How to Change Edit Permissions For WordPress Content

Change Edit Permissions For WordPress Content

WordPress is an excellent platform for writing, editing and publishing content. So it’s important to know who has permission to do that on your WordPress site.

I’m going to explain the editing permissions for your WordPress posts.

This tutorial starts by explaining the default permissions and in the next two sections we’ll see how to customize those permissions.

Part #1. The Basic Editing Permissions in WordPress

When you first install WordPress, you are given 5 user roles: Subscriber, Contributor, Author, Editor, and Administrator.

What permissions do these users have for editing posts?

  • Subscribers: they can not write or edit any posts.
  • Contributors: they can write posts but they can’t publish them.
  • Authors: they can write, publish and edit their own posts.
  • Editors and Administrator: they can write, publish and edit any posts.

So, by default, only Authors, Editors or Administrators can edit content.

What does this mean in practice? What will users see in the WordPress admin area? If you do have editing access, you will see “Edit”, “Quick Edit”, “Trash” and “View” links under the title of each post, as in this screenshot below.

WordPress admin view for Administrator role

If you don’t have editing permissions, you may still be able to see your own posts in the WordPress admin area. However, you will only see a “View” link. Note: there are ways to hide posts that you can’t edit. This screenshot below shows a user called “Kiarra”. They are a Contributor user and have written two posts. They can see their posts, but no longer have the ability to edit those posts.

WordPress admin view for Contributor role

Part #2. Change the Basic Edit Permissions

Now you know the basic permissions, let’s see how to customize them. We recommend the PublishPress Capabilities plugin as a great way to change the permissions for each user role.

PublishPress Capabilities plugin

Install the PublishPress Capabilities plugin, then go to the “Capabilities” screen. The image below shows you the permissions available to Subscribers. It’s easy to see that Subscribers have almost no permissions.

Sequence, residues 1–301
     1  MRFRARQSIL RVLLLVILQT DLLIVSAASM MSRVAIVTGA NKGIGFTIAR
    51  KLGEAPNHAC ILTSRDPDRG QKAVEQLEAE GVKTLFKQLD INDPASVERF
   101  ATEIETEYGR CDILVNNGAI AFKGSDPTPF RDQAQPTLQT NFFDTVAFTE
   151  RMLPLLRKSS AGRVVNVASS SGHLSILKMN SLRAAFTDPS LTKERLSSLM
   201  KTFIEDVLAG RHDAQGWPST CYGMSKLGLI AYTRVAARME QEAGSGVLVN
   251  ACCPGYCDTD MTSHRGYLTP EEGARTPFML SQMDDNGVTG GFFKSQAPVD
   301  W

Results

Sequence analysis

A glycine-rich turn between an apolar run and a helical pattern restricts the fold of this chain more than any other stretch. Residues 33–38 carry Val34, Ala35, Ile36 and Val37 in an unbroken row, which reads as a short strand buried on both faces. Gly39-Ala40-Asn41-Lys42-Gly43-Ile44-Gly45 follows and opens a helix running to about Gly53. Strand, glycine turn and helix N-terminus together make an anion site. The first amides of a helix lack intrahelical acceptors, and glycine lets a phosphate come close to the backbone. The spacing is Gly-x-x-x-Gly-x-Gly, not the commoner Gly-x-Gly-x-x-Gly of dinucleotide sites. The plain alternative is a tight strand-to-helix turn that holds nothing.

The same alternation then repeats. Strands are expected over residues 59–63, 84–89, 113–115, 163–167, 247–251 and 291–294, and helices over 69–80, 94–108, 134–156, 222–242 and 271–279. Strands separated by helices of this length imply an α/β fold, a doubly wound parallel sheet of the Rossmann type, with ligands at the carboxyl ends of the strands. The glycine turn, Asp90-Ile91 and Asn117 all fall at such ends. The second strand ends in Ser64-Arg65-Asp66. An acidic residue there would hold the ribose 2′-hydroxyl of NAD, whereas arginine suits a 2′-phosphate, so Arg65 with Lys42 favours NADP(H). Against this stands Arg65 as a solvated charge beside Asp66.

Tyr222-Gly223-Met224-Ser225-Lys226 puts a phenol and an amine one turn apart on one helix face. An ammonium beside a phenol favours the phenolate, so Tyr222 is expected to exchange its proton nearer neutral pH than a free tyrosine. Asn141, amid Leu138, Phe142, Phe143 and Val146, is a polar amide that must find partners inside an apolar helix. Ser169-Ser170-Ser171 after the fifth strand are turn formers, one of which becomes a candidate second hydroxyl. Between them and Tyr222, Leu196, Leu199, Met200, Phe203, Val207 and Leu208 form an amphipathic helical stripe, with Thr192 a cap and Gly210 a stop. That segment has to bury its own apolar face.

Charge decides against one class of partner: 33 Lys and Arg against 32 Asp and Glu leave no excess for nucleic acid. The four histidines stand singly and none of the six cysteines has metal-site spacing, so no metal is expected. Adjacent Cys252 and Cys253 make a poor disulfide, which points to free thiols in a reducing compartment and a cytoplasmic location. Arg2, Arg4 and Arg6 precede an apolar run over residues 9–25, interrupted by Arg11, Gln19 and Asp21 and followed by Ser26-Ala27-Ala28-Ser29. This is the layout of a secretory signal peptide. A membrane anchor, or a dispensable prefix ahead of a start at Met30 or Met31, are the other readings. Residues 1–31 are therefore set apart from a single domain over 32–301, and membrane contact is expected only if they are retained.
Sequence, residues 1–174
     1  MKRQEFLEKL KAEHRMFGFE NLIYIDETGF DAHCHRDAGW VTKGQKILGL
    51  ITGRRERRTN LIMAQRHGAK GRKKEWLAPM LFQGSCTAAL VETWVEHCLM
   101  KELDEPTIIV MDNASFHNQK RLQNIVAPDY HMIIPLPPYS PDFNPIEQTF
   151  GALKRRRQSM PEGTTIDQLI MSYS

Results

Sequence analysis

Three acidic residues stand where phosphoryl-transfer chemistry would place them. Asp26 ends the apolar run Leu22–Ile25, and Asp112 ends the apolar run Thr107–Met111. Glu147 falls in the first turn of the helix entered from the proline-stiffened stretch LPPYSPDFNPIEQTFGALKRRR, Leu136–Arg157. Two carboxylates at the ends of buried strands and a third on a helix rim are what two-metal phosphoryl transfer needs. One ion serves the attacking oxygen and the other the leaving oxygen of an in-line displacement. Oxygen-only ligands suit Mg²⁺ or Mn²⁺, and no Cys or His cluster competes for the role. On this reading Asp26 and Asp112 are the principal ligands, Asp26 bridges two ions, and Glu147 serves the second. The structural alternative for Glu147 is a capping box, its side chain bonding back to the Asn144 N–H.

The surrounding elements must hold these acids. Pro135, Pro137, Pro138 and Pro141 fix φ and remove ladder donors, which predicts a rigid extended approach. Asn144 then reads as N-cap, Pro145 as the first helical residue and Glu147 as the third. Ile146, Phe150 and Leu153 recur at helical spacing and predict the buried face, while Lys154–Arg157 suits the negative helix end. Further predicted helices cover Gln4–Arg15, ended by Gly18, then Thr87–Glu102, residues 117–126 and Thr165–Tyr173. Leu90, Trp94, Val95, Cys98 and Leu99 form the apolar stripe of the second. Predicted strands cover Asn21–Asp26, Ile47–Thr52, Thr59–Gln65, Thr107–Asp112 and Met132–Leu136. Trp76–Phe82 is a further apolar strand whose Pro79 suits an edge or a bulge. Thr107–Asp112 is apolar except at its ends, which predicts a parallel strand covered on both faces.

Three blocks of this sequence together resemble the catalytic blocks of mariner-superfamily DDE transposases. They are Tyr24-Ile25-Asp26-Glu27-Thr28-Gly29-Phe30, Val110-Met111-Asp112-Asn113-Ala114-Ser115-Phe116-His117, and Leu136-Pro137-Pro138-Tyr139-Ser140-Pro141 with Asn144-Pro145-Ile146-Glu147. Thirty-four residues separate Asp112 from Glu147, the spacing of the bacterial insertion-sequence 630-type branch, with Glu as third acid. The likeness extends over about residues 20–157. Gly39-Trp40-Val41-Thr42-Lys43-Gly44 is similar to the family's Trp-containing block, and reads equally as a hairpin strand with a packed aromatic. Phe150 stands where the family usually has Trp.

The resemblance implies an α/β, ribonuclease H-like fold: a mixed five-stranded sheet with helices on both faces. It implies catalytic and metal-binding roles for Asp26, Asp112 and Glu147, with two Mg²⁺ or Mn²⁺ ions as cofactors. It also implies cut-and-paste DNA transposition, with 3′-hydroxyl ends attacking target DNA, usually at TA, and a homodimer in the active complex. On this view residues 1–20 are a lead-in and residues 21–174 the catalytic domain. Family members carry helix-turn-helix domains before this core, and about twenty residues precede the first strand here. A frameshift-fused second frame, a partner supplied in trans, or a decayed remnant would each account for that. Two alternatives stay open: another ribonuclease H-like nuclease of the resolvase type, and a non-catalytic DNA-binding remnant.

PublishPress Capabilities and Subscriber role

To allow Subscribers to do more, check the boxes here, particularly in the “Edit” row. One note of caution here: the “Edit” option for Posts is quite powerful.

PublishPress Capabilities and and edited Subscriber role

This technique allows you to change the editing permissions for an entire role. Your changes will impact every user in the “Subscriber” role and all of the Posts or Pages.

In the third part of this tutorial, we’ll show you how to change editing access for specific users and specific posts.

Part #3. How to Allow Specific Users to Edit a Post

If you need to customize editing permissions for individual users or content, we recommend the PublishPress Permissions plugin. Let’s take you through an example of how PublishPress Permissions works.

PublishPress Permissions plugin

After installing PublishPress Permissions, go to the “Posts” screen and choose the post that unique permissions.

Scroll down below the main post area and look for the “Editing Exceptions” options. You can choose to allow all the users in a particular role to edit this post. However, you can also deny them editing access.

Permissions for a user role

Next, click the “Users” tab. You can search for individual users and select the users you want to edit the post.

Permissions for a user

So that’s the process you can use to allow a custom group of users to edit a post. This PressPermit Pro technique works for any content type.


In the first part of the tutorial, we saw that only Authors, Editors or Administrators are able to edit content on a default WordPress site. However, with the PublishPress Capabilities plugin you can customize that normal setup and give editing access to different roles. Finally, thanks to the PublishPress Permissions plugin you can get even more specific, giving or removing access to specific users on specific posts.


  • Steve Burge

    Steve is the founder of OSTraining. Originally from the UK, he now lives in Sarasota in the USA. Steve's work straddles the line between teaching and web development.

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